5.  Misc.  - Depending on what type of file these could be anything so you will have to label the folder accordingly.  If it’s a personal injury file this is probably going to be your medical records, your accident report, the retainer agreement (very important that you find this one) and all other papers that do not fall nicely into any of the above four categories.

Ok, you see, not so bad.  Now you have a more organized chaos on your floor and a little bit more room to move around.  So we can move to a different area to dry our tears.

Next you are going to one pile at a time.  Let’s say you picked the correspondence file.  I usually pick this one because it’s usually the largest pile and because after reading the correspondence I’ll more of less know what should be in the other piles.  I will also know the story of the file a little bit better.  So go ahead, read on.  It can be fun.  I have found some really funny letters written by the clients or the adversaries and it always makes for some good humor while doing a really boring job.  While you are reading this file make sure you put it chronological order.  At this point, if it’s a very old file, I start making piles with the correspondence.  I separate it by year.  Make sure you start with the oldest correspondence.  Work your way to the present.  Now the correspondence is done.  Have you noticed?  There aren’t that many more papers.  All the other stuff is just bulky but usually not as much as the correspondence.

By doing the largest pile you will feel more accomplished and you will feel like you can conquer any other task thrown at you.  Be ready, other tasks will be thrown at you….. Just a thought.

Now pick up the pleadings.  You also want to make sure you file these in chronological order.  Most firms file pleadings in pronged folders.  If this is the way your firm operates then go ahead.  They are less expensive than three ring binders so usually that why they do it that way.  I like the three ring binder because if I have to get a pleading out of the file I don’t have to get all the other pleadings out.  Anyway, in this case you have to go with what you’re given.  Wait… Don’t put them in yet.  At this point, punch holes in the the papers and organize them.  Next sit at your computer and let’s start the pleading board.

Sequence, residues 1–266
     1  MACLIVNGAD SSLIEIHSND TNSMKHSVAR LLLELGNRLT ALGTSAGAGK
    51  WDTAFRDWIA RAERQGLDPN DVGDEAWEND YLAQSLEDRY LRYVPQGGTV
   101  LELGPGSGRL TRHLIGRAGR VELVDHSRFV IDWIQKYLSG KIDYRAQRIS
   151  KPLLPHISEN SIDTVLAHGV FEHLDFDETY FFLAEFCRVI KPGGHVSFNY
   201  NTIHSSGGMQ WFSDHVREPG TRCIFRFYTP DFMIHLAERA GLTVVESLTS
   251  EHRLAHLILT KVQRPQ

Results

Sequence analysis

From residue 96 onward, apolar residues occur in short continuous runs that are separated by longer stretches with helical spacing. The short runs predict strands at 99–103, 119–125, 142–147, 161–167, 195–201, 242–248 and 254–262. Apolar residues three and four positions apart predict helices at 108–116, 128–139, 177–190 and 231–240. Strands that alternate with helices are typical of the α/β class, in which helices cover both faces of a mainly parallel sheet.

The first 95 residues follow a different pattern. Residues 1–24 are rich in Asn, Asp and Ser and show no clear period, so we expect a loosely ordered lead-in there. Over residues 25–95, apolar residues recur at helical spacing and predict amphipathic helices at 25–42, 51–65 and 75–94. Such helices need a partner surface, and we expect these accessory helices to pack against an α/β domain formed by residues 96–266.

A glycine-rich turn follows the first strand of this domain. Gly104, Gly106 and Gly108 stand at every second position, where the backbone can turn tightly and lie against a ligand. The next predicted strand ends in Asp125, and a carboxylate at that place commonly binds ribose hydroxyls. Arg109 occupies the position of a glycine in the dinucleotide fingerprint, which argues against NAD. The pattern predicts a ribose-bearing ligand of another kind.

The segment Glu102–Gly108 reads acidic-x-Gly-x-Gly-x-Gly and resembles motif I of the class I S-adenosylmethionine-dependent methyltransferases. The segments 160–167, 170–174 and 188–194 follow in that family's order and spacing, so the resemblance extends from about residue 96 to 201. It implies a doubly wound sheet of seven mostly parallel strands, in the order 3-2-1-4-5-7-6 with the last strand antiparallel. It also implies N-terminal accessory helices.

For those of you who don’t know what a pleading board is….. it’s not a scientific term.  Yeah, I know, lawyers like to speak in their own language.  I find it interesting.  A pleading board is a table of contents.  Begin by entering the name of the first pleading and with number tabs separate each of them.  So your pleading board will look something like this:

1.  Complaint ………………………………………… January 1, 2014

2.  Answer to Complaint ………………………….. March 15, 2014

So on and so on and so on….. continue until you’ve listed all the pleadings.  This always gives me such satisfaction.  By the time you’re all done it will look so pretty and the file starts to take shape.  It’s starting to look more like a legal file and not so much like a crazy pile of papers and you are taming the monster.

Once you are done with the pleadings move on to the motions.  For me, each motion resides in it’s special folder.  I worked at a law firm where the motions had a special color folder….. actually all documents had special color folders.  I liked that very much.  It made it easy to find the documents you were looking for.  However, if that’s not what you have then a regular manila folder is fine. Just make sure you label each folder appropriately and include the date the motion was filed with the court.  All corresponding documents go into that file.  So when you pick up the motion file you have the entire history of that motion.